The Irish Council for Civil Liberties today welcomed a statement from UN women’s rights expert, Frances Raday, on the forthcoming referendum, saying that it brings a welcome note of clarity regarding the systematic violation of fundamental rights that the Eighth Amendment means for pregnant people, particularly survivors of rape, in Ireland.
Frances Raday is Special Rapporteur to the UN Human Rights Council’s Expert Group on Discrimination against Women, former Chair of the UN Working Group on Discrimination Against Women and Expert Member of the Committee for the Elimination of Discrimination Against Women (CEDAW). She is calling for a yes vote in the forthcoming referendum.
In her statement, Ms Raday said that “The Eighth Amendment of the Irish Constitution, by making a symmetrical equivalence between the right to life of foetuses and women, results in the systematic violation of the human rights of women and girls”.
She further stated that the Eighth Amendment “may result in grave violation of the right to be free from arbitrary detention” and that “cases which would give grounds for allegations of torture or cruel, inhuman and degrading treatment, are any cases where pregnant women and girls have been detained in psychiatric institutions although their distress was, according to psychiatric opinion, caused by pregnancy and not by a psychiatric disorder; have been subjected to forced feeding in response to refusal to eat; or have been refused access to legal abortion where the pregnancy resulted from rape, including in the case of pregnancies of girls under the age of eighteen.”
The right to be free from torture and the right to be free from arbitrary detention are both absolute rights, meaning that the State can never restrict them under any circumstances, even pregnancy.
Director of the ICCL, Liam Herrick, said:
“A vote to retain the Eighth Amendment is a vote to continue to subject women and girls who have been raped to treatment that may amount to torture or arbitrary detention. It is a vote to continue denying fundamental rights to pregnant people. It is a vote to continue to ignore the plight of the most marginalised in our society. It is a vote which says that cruel mistreatment of women and girls in crisis should be allowed to continue unabated.”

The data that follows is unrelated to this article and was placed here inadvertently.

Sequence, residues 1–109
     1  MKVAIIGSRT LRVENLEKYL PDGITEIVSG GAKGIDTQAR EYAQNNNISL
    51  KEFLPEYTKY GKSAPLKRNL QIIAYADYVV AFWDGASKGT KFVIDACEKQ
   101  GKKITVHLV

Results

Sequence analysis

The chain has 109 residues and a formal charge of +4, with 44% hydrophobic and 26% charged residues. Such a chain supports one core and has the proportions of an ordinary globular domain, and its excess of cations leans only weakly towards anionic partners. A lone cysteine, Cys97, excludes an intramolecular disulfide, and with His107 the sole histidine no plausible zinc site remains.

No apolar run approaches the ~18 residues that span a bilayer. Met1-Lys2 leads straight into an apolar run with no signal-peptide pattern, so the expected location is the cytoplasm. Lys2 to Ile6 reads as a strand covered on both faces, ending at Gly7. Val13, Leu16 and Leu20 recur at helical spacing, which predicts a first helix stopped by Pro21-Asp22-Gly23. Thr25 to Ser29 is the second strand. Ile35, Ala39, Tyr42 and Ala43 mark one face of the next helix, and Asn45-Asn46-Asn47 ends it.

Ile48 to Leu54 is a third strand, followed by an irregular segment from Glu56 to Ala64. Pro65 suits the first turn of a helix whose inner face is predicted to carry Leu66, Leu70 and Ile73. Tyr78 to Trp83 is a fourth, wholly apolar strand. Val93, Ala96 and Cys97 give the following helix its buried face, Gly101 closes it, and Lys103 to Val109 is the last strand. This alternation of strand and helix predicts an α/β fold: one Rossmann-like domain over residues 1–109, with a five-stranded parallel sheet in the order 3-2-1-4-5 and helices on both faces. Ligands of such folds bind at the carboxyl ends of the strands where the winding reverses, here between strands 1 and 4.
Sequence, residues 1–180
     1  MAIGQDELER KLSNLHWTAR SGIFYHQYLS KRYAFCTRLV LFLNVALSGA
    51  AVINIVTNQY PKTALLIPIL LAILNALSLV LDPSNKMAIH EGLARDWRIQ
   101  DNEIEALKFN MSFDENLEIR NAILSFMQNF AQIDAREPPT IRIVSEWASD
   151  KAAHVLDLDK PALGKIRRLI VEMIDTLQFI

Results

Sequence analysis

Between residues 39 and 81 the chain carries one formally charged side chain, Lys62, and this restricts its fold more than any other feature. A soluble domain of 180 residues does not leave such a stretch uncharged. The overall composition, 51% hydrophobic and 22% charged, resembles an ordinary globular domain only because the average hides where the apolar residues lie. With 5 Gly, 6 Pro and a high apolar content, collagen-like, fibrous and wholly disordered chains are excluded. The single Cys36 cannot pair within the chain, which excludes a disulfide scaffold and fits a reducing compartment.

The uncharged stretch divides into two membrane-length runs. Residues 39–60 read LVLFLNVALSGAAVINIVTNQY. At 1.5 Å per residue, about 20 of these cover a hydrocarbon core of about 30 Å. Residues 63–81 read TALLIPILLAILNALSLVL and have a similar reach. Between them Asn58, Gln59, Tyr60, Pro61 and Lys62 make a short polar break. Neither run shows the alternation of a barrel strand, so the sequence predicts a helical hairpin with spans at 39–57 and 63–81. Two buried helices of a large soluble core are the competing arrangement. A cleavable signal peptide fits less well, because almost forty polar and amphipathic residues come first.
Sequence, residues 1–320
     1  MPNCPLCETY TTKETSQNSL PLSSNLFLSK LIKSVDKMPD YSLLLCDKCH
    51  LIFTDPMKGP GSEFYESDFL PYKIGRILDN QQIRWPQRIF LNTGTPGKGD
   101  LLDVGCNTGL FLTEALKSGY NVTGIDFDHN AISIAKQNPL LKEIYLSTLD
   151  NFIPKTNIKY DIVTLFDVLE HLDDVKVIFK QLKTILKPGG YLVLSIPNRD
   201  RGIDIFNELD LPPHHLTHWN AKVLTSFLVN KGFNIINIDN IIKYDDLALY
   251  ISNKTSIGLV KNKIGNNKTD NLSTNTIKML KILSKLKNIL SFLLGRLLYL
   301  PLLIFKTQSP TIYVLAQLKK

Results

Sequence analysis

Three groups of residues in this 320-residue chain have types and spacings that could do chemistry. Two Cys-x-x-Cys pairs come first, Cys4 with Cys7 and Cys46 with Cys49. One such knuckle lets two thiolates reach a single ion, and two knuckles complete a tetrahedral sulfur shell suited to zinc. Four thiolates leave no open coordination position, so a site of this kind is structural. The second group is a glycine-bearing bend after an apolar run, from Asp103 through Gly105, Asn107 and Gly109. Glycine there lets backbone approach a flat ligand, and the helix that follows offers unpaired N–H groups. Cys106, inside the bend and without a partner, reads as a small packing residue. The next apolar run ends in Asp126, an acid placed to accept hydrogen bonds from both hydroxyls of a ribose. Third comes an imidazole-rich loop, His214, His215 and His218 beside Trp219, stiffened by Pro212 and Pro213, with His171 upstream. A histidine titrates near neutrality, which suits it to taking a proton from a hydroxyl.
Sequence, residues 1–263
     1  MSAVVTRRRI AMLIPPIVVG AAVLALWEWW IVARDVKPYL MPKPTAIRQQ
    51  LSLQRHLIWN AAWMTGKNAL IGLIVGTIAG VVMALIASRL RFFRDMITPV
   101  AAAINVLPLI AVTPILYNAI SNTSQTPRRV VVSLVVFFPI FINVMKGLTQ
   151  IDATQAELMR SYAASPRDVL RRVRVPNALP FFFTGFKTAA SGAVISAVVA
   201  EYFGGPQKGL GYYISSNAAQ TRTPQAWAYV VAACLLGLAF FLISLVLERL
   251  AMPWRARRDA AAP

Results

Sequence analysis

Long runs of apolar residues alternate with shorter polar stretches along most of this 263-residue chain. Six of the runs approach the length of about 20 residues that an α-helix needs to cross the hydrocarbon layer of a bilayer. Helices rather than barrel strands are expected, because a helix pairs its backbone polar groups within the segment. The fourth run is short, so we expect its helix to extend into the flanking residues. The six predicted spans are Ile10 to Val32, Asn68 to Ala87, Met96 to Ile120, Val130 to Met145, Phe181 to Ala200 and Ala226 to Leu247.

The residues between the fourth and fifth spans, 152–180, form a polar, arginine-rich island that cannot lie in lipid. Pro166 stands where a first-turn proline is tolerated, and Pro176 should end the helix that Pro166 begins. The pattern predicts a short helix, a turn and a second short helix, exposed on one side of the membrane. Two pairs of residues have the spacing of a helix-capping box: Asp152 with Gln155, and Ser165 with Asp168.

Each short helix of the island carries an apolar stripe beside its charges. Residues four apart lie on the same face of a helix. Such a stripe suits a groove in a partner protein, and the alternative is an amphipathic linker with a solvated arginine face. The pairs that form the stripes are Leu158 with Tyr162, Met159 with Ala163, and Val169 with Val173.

The Eighth Amendment does not allow for abortion even in cases of rape or fatal foetal anomaly. Following the death of Savita Halappanavar, the Protection of Life During Pregnancy Act clarified that the law does allow for abortion when there is a ‘real and substantial risk of the loss of the woman’s life’, however its threat of fourteen years in jail for unlawful abortions hangs over doctors who may be uncertain what constitutes “real” or “substantial” risk. Additionally, in the 2017 case of Miss M, a vulnerable child who requested an abortion under the Protection of Life During Pregnancy Act was detained under mental health law and subsequently released by court order. In the 2015 case of Ms. Y, an asylum seeker who had been raped in her own country and was suicidal as a result was force-fed when she went on hunger strike to plead for the lawful termination of her pregnancy.
Mr. Herrick said:
“Those who don’t have the necessary papers or resources to travel are left in situations like those of Miss M and Ms Y. After hearing about these cases, only women and girls in the most desperate circumstances would try to access an abortion under the PDLPA. Michael McDowell recently said that the next Ann Lovett will be a girl who dies after taking an abortion pill alone in the next Granard. The reality may be even more horrific than that.”
The ICCL is currently running a campaign highlighting how the Eighth Amendment violates fundamental human rights.